Smart Shoppers Can Take Advantage of Rates

Tips on making sure your bank is paying you as much as possible.

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Today's guest post comes from Richard Barrington, spokesman for MoneyRates, where he writes a blog on developments involving deposit interest rates.

Savers and investors who are burned out on speculation and investment scams might be understandably cynical about the phrase "a sure thing." However, there is a sure way smart investment shoppers can earn something extra on their bank deposits, without taking extra risk.

Here's the catch: it won't make you rich overnight. Still, if there's one lesson to take away from the succession of busts in dot.coms, housing, and hedge funds, it's that get-rich-quick schemes are always designed to get somebody else rich. In contrast, a secure retirement is built step-by-step.

The first step is this: don't leave money on the table. That may sound obvious, but chances are you have a bank account or CD that is paying you a less-than-optimal interest rate. In fact, due to some unusual conditions, differences among interest rates are especially high right now. That's where the sure thing comes in--making sure you benefit from those differences rather than suffer from them.

Market Conditions Have Sharpened Differences in Rates

 Why are there such sharp differences in interest rates from one bank product to the next? A couple prominent reasons:

  • 1-month to 6-month CD spreads are especially steep. According to Federal Reserve data, the difference in annualized interest between a 1-month and a 6-month CD is more than a full percentage point. Normally, that spread is about a quarter of a point. Chances are, moving out to a slightly longer-term CD wouldn't hamper your cash flow needs very much, but on a maximum FDIC-insured deposit, it could be worth about $2,500 per year.
    • Conditions vary greatly from bank to bank. That same Federal Reserve data puts the average 6-month CD rate at 1.42%. At the same time, finding the best 6-month CD rates could earn you another percentage point on top of that. There are many reasons for this. Because of turmoil in the financial markets, banks have very different concerns and resources right now. Some are hurting and pulling in their horns, while others are still able to actively attract investors by offering more competitive interest rates.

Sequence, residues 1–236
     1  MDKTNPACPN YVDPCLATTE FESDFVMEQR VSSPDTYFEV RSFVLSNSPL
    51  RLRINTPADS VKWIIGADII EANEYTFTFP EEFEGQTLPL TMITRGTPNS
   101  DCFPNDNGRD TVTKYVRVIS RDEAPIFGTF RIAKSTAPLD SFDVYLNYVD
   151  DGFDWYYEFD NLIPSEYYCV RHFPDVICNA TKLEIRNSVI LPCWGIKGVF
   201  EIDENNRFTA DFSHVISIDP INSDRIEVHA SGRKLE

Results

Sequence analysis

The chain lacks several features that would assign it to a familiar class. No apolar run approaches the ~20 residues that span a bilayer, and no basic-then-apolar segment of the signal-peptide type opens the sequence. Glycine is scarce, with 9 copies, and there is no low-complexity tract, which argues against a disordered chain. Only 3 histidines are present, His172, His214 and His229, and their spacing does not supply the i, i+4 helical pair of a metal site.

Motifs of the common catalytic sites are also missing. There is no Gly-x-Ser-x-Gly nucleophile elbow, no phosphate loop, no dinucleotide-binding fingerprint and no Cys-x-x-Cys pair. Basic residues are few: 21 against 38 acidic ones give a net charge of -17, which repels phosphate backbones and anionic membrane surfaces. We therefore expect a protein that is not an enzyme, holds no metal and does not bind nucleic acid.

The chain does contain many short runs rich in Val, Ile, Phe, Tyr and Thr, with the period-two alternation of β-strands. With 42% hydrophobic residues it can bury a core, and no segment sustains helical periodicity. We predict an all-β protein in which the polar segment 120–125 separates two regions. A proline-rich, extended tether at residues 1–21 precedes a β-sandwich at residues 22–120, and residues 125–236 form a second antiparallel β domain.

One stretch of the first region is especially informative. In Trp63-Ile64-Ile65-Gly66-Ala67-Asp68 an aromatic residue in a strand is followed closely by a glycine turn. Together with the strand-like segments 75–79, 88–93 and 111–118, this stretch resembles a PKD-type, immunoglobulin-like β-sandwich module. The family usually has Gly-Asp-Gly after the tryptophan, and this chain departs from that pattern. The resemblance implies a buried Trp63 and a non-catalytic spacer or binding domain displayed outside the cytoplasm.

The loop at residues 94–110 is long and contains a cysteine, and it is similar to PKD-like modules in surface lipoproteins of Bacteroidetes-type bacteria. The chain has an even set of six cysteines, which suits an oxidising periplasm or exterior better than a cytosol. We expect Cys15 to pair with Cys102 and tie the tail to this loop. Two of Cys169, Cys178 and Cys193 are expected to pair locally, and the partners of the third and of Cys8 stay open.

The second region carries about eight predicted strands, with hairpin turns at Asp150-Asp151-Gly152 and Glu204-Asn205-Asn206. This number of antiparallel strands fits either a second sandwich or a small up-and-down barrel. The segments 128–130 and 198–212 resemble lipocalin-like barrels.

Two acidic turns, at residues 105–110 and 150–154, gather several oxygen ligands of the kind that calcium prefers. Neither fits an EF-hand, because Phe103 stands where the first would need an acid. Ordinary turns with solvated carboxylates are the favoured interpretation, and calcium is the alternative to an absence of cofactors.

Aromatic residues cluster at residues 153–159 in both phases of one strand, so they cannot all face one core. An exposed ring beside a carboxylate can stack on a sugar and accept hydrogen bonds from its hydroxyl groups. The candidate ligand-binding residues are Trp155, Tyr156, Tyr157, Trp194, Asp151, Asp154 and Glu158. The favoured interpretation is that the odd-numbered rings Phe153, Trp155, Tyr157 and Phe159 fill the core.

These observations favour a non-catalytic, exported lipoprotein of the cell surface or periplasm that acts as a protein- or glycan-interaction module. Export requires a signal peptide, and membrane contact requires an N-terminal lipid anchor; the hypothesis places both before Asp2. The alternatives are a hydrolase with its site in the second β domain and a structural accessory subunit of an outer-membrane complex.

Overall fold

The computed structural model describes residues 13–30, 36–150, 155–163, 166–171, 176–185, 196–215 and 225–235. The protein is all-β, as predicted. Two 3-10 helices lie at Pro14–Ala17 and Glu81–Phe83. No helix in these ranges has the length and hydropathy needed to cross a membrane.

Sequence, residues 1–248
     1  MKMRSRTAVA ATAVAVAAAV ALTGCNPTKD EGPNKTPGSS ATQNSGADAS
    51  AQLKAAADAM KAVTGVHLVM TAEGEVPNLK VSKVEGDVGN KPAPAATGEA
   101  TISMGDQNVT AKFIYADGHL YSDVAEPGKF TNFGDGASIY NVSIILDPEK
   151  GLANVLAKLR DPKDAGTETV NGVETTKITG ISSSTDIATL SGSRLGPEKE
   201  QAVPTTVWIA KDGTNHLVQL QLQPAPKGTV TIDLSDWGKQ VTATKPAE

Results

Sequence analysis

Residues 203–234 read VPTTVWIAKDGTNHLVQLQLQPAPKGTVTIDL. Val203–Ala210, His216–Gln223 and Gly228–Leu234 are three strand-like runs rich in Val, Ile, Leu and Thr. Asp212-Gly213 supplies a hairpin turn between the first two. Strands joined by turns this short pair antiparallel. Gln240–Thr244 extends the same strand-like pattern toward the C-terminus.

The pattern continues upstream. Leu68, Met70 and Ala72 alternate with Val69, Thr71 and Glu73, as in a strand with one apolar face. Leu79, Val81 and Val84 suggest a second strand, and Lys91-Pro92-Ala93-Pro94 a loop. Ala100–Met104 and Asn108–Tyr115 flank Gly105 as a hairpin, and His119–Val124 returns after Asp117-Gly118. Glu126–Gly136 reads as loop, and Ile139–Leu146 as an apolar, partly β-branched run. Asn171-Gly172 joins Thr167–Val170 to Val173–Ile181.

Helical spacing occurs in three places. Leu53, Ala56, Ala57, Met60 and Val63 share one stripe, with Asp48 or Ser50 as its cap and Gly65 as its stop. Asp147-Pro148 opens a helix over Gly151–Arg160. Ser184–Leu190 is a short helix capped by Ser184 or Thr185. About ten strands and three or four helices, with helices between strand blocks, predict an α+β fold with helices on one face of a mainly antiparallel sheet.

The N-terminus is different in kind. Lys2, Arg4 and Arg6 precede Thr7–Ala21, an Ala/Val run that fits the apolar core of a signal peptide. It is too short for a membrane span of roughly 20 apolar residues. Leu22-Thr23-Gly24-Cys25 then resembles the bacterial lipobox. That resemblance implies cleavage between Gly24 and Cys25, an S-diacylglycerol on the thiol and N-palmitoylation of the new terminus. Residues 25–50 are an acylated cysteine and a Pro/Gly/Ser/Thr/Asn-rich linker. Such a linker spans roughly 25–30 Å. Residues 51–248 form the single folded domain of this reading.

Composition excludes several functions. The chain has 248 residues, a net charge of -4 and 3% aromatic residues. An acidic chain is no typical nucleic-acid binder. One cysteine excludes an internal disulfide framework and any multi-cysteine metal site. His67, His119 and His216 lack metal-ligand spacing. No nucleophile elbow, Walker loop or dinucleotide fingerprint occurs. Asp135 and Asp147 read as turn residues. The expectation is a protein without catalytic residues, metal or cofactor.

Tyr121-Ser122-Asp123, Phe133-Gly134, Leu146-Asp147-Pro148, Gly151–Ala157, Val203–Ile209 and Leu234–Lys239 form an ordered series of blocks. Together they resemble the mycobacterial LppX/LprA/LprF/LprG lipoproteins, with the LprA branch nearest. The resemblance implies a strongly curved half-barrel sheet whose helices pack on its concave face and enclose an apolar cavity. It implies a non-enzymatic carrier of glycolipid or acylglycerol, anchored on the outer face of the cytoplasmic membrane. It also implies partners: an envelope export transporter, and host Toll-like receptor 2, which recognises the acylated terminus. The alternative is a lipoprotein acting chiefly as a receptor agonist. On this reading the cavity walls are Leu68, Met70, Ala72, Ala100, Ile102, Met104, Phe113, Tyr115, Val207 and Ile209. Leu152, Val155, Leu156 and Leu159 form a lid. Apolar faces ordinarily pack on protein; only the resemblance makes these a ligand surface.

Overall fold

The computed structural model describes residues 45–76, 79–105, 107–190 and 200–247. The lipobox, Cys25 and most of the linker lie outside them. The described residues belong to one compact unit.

• The point is, you can get an extra percentage point just by moving out a few months in CD duration. You can get another full point by shopping around among banks. On the maximum FDIC-insured deposit, you'd now be up to an additional $5,000 per year.

      Bank Shopping in the Internet Age

      Of course, you may not be accustomed to shopping around for banking products. Traditionally, people tended to find one bank and stick with it--either a comfortable household name, or a local community bank. However, recent conditions have shaken up much of the complacency regarding those traditional choices:

      • Big household name banks are prominent among those listed as the most troubled, due to their far-flung, risky lines of business.
        • Your local community bank may be exposed to many of the same regional economic risks that you are--if your area suffers job losses and housing price declines, a local bank could run into trouble at the same time you do.
        • Internet resources have made it easy for smart shoppers to expand on these traditional banking choices. Using those resources can help you find a sure thing in the form of some extra interest on banking products. Sure, it's a small step, but won't it be refreshing to see your finances take any step in the right direction?